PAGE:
Reflection Topic 2 – ‘Fake News’: Who is responsible?

My initial stance regarding the problem of fake news was slanted towards placing all responsibility on the individual for assessing whether information online is false or not. However reading Luke’s comment allowed me to reflect on just how impractical it is for the average reader to critically assess each article or story they read to judge its validity, due to the amount of time it would take. Luke also linked a recent study from the BBC which pointed out how fake news spreads faster and to a much wider network then genuine news, (Kleinman 2018).  Additionally reading Luke’s blog also made me aware of just how important data literacy skills are in addition to traditional media and digital literacy skills. Reading Luke’s blog prompted me to do some more research into data literacy. In my comment replying to Luke I referenced a study which showed just how easy It is to manipulate data, particularly for private companies who want to make their profit margins appear to be more reliable and consistent over time (Kwapien,2015).

Reading Jermey’s blog also prompted me to re-assess my position of placing all the responsibility on the individual. In his blog post Jeremy linked to a Washington post article about Twitter executives refusing to take action to stem the flow of fake news being spread on their platform (Borchers, 2018). This led me to doing some further research into how social media platforms address the issue of fake news. In my comment replying to Jeremey I referenced how Zuckerberg, changed his stance on fake news, from ignoring the problem to later focusing on developing a solution.


Reflecting on false information online has allowed me to see just how widespread the problem is, and how impractical it is to expect individual readers to take all the responsibility for assessing it. Below I created a diagram to expand upon how different actors are responsible for fake news online.

Leading a healthy lifestyle infographic (2)

Word Count: 325


Borchers, C. (2018). Analysis | Twitter executive on fake news: ‘We are not the arbiters of truth’. [online] Washington Post. Available at:[Accessed 19 Mar. 2018].

Kleinman, Z. (2018). Fake news ‘travels faster’, study finds. [online] BBC News. Available at:[Accessed 19 Mar. 2018].

Kwapien, A. (2015). Misleading Data Visualization Examples. [online] BI Blog | Data Visualization & Analytics Blog | datapine. Available at: [Accessed 19 Mar. 2018].


Brave New World – Developing the skills for evaluating “Fake News”

False information published online can be designed to further a political agenda, or simply to generate revenue through misleading titles, article descriptions and media in the form of “clickbait”. “Information gap theory” offers some insight into why clickbait is successful, when a reader sees a snippet of a fake news article they will draw upon their background knowledge of that subject (Golman and Loewenstein 2015).This leads to a desire for the reader to seek out the gaps in information from the snippet itself thereby motivating the reader to click the full article (Golman and Loewenstein 2015).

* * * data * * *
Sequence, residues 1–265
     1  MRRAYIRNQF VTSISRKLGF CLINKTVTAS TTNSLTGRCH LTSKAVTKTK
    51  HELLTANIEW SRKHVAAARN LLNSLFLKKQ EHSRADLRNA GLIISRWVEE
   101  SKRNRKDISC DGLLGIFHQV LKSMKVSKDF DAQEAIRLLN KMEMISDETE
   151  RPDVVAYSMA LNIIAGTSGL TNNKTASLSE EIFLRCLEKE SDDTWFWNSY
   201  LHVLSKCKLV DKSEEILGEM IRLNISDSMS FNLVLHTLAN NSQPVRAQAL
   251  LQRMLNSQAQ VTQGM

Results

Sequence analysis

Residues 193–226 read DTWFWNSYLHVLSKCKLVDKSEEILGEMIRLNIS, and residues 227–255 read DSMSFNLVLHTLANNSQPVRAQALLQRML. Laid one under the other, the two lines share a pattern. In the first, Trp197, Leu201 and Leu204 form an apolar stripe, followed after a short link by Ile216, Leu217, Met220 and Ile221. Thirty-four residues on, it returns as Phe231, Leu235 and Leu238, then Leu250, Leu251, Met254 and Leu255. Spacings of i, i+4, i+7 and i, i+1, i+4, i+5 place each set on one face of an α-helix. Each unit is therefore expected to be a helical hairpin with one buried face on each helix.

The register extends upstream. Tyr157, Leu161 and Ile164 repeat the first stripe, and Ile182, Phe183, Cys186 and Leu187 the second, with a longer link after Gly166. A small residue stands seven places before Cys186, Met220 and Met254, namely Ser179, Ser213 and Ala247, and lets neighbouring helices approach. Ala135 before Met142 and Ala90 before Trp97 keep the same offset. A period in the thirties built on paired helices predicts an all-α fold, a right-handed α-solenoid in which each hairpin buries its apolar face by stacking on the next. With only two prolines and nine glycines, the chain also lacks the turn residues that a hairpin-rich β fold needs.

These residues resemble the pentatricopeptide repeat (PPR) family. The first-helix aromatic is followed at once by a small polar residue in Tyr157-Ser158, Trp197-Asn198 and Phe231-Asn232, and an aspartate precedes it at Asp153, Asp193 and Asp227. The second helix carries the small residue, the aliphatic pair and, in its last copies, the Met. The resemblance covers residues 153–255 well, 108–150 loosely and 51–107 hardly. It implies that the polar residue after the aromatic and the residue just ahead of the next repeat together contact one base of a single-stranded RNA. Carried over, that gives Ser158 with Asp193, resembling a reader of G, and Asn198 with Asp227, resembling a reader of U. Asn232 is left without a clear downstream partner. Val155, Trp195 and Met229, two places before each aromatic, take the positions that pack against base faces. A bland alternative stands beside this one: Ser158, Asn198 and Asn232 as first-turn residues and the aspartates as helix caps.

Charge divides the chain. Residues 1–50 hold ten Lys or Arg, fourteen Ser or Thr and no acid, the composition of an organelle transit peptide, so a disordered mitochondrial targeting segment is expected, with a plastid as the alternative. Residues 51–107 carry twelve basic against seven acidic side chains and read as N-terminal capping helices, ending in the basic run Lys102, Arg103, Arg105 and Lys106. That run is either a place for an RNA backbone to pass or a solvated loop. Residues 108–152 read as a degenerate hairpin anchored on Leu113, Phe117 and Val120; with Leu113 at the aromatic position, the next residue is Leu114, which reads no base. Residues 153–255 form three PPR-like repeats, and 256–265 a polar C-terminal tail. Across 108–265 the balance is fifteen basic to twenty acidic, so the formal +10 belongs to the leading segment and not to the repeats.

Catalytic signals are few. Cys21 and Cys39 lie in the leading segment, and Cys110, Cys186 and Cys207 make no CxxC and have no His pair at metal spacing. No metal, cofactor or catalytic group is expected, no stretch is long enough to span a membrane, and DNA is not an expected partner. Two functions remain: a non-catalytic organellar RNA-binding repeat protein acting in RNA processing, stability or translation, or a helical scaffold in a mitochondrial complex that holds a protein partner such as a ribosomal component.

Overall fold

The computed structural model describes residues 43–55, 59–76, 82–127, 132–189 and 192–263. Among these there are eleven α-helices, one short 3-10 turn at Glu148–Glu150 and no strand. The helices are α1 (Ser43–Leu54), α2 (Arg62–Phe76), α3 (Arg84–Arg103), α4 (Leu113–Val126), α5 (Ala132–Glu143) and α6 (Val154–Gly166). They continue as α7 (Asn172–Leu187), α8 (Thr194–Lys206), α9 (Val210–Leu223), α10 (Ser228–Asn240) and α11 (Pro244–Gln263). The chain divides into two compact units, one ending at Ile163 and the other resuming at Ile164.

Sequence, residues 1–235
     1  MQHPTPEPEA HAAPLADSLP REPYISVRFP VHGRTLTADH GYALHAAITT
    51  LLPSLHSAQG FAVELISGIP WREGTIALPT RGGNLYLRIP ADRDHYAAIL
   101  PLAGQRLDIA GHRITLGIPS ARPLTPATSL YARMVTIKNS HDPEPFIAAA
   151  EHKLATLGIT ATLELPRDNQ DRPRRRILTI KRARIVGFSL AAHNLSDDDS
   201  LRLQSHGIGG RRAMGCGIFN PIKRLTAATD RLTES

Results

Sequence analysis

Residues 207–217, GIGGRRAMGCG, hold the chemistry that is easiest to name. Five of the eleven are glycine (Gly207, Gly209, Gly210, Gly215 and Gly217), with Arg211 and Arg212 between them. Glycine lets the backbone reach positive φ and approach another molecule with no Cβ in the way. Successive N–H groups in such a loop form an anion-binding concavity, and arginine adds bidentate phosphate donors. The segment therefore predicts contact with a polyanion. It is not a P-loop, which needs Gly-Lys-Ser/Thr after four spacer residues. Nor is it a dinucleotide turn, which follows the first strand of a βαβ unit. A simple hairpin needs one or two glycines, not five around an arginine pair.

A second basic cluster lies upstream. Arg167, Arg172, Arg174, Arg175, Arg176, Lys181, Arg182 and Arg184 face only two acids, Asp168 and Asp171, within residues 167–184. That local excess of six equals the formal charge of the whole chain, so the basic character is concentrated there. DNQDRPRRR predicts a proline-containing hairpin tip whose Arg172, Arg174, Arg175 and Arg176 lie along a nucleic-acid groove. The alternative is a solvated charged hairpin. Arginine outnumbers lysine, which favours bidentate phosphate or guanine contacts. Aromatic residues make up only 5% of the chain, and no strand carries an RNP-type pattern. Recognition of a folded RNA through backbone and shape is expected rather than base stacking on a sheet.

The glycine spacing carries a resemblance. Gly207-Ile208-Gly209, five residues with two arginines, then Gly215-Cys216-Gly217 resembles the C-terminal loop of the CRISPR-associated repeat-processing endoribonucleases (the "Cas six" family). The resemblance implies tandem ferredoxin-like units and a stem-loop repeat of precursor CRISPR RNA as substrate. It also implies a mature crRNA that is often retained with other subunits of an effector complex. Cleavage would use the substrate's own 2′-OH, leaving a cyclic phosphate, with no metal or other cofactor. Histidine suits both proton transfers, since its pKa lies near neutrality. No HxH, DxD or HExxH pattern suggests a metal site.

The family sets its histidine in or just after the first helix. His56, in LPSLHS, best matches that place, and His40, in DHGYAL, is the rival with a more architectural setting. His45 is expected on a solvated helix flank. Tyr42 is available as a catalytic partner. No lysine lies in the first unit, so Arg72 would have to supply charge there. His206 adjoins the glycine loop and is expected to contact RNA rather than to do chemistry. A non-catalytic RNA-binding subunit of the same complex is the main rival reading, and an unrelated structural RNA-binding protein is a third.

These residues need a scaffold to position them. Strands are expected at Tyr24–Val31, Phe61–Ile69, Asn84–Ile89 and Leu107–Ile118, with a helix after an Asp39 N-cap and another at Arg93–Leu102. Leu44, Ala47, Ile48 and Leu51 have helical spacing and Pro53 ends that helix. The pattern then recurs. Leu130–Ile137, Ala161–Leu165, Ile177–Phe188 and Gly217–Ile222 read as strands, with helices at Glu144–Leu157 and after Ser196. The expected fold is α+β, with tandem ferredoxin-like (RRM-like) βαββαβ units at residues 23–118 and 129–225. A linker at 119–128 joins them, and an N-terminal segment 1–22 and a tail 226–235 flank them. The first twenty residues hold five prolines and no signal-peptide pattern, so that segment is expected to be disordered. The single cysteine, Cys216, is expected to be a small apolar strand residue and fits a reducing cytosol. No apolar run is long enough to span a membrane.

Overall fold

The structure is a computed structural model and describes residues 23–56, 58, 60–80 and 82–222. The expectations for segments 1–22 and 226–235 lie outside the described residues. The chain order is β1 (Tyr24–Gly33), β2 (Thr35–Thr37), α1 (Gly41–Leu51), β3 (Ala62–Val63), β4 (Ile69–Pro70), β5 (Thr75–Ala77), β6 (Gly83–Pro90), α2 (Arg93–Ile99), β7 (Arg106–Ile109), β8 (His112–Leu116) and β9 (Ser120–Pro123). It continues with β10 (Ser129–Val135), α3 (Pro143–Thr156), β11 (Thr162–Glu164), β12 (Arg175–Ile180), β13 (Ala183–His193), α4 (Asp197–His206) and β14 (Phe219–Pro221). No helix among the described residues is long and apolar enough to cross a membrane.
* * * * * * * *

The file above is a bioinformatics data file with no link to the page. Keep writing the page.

With regards to political agendas, social media posts crafted by fake accounts can be used in order to push a certain narrative that is factually untrue, (BBC News, 2017). Likewise bots can be used to share factually inaccurate tweets in order to make the tweets themselves appear more credible by propagating them into a wide network where they are seen by many people (Wooley, 2016).

bbc fake news post
Example of fake news article on Facebook. Source: BBC News. (2017). Russia posts ‘reached 126m Facebook users’. [online] Available at: [Accessed 6 Mar. 2018].
To assess the validity of this false information online, technological interventions can be used. For instance by using online tools such as “news tracer” users can determine the factual accuracy of a tweet by analysing who shared it, and if the claims in the tweet have been verified by others within the network (Keohane et al., 2017).

(Van Dijk, & Van Deursen, 2010) argued that the critical thinking skills required for traditional media literacy are not enough when it comes assessing information online. This is in part due to the sheer wealth of options for sources of information available on the web, so new digital skills are needed to evaluate them. An example of one of these digital skills is “strategic skills” which is needed in order to develop a goal for what information you are hoping to find and for the method you will use to find this information (Van Dijk, & Van Deursen, 2010). More details on digital skills are in the diagram below.

Evaluating information online


Word Count: 300


BBC News. (2017). Russia posts ‘reached 126m Facebook users’. [online] Available at: [Accessed 6 Mar. 2018].

Golman, R. and Loewenstein, G. (2015). Curiosity, Information Gaps, and the Utility of Knowledge. SSRN Electronic Journal. [online] Available at:

Keohane, J., Vogelstein, F., Geltzer, J., Eden, S., Simonite, T., Gendreau, H. and Finley, K. (2017). WHAT NEWS-WRITING BOTS MEAN FOR THE FUTURE OF JOURNALISM. [online] WIRED. Available at: [Accessed 6 Mar. 2018].

Woolley, S. (2016). Automating power: Social bot interference in global politics. [online] Available at: [Accessed 5 Mar. 2018].